6. Chronic ‘Achyness’. Not just the regular DOMS, but when you start to really ache, even days after a session and usually you would be recovered.
7. Inability to get ‘in the zone’. You do your regular activation movements, even some extra, but you seem to be struggling to get that fire going at the moment.

There are probably a few more of these the veterans among you have noticed over the years but you get the picture. Listen to those nagging cues, whatever they may be, and thank me later.

If you have to ask yourself if any of the above apply, you don’t need to deload. If you need a deload, you should have been reading the above whilst nodding your head, heck chances are you’ve been noticing these things for a while. Any one of the above may occur from time to time; deloading is only required when a few of the above are persistent cues from the body for a good week or so.

Deloaded Training

Deload training doesn’t really need to be a whole heap different to regular training. The ‘keep it simple’ approach is to just decrease intensity (read: weight lifted) by 40% and follow the program otherwise unchanged. If you’re a beginner, then you can get away with decreasing volume by 40% (read: same weight, less sets and reps).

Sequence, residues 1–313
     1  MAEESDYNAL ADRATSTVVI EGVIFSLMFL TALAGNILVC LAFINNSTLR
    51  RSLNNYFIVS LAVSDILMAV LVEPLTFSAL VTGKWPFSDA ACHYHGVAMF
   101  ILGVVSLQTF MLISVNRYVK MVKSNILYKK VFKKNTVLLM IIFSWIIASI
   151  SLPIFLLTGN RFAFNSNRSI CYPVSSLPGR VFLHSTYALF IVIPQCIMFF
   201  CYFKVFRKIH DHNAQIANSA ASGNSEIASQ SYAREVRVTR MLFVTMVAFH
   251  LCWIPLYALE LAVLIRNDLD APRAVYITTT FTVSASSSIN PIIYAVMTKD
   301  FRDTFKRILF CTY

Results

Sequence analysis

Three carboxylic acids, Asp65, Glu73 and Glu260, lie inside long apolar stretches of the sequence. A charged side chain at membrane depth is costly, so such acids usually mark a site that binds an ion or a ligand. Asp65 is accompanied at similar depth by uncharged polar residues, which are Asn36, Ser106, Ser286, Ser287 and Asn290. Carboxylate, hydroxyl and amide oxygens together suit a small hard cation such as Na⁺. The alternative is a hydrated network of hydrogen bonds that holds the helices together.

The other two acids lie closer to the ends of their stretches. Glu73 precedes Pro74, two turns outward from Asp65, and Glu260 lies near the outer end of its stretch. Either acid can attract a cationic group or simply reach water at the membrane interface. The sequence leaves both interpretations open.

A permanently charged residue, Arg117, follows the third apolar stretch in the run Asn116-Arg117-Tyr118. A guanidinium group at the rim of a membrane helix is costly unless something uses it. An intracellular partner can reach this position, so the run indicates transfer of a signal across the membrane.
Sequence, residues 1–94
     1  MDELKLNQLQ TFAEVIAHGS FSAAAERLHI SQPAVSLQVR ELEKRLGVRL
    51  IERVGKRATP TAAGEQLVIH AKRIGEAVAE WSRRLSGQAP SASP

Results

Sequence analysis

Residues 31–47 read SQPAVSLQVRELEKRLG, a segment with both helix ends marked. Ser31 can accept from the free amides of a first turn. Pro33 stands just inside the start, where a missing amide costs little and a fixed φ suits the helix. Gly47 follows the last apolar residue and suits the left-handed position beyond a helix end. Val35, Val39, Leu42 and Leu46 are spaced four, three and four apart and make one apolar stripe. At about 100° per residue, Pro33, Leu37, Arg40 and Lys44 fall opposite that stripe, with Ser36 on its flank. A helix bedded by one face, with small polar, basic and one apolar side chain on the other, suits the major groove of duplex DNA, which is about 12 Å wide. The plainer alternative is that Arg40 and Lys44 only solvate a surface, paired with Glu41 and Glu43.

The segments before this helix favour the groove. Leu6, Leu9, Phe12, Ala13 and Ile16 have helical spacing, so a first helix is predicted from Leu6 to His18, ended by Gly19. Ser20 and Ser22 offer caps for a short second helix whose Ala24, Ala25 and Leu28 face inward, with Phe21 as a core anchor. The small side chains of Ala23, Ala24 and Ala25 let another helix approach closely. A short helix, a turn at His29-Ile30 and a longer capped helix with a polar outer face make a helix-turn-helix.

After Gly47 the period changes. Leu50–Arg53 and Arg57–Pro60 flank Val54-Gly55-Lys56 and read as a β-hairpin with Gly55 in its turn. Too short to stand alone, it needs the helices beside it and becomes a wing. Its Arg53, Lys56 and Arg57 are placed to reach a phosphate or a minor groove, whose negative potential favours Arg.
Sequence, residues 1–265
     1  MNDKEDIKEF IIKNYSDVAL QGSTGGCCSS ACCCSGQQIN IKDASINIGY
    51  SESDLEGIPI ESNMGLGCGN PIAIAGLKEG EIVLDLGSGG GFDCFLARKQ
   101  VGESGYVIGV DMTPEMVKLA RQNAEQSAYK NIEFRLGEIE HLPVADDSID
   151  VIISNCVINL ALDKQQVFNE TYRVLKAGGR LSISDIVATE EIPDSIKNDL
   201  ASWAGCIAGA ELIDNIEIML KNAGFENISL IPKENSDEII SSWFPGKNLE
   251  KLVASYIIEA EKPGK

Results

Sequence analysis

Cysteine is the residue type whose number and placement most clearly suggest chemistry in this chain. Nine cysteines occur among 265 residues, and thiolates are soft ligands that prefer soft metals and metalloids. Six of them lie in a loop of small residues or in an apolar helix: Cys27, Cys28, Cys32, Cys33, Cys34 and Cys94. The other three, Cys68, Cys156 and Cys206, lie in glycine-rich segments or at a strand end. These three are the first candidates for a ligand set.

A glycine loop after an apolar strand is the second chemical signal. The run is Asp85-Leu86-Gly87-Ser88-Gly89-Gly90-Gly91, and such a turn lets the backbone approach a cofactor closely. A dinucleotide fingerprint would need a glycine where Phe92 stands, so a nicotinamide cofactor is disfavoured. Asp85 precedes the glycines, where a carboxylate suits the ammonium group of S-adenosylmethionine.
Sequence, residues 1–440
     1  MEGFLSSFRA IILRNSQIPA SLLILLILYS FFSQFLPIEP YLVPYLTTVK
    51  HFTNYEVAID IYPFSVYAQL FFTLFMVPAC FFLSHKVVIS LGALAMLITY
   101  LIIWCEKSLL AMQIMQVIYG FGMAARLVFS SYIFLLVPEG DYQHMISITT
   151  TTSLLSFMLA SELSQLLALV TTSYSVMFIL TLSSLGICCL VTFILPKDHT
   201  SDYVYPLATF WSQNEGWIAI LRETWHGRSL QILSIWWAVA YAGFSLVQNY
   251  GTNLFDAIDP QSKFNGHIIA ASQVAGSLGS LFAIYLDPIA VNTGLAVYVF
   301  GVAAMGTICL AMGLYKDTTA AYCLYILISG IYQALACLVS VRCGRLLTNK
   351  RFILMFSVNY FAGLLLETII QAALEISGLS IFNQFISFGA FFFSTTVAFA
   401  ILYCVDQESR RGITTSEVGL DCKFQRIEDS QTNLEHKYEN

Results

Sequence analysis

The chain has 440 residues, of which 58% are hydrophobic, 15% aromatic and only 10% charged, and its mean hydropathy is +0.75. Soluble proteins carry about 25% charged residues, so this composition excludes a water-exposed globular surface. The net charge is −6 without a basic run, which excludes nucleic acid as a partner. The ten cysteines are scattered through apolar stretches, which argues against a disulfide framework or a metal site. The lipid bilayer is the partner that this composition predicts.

But we can take a different approach also. I like to sometimes use deload periods to try out new exercises, or plain just ‘wing it’ in the gym. The key is to make sure the training is non-fatiguing and sub-maximal. Heck even consider taking a week out of the gym and hit up the park with just bodyweight movements. I’ll often try to ‘plan’ the need for a deload before a holiday, when I’m not sure what the training facilities will be like so I can do one of the above! The key is to keep it a bit easier and recover, you won’t get weaker by taking a week off when you really need it.

How long to deload? It depends, it might be four or five days, it might be a full week or even slightly more; again, listen to the body. When you’re starting to feel somewhat sadistic and crave a heavy squat session again, you’re ready.

Wrap up

We progress by challenging ourselves in our training, but unfortunately we are only human (well most of us are!). We don’t grow when training, we grow when recovering from training. Over time we accumulate more fatigue than can be recovered from between workouts and gradually the body tells us to back-off, but we must listen to it. After a period of reduced intensity/volume, we come back stronger, bigger and more eager to hammer away at our training again. One small step backwards for a many further steps forward.

And that’s it. Deload to recover and start progressing again. But only if your body needs it.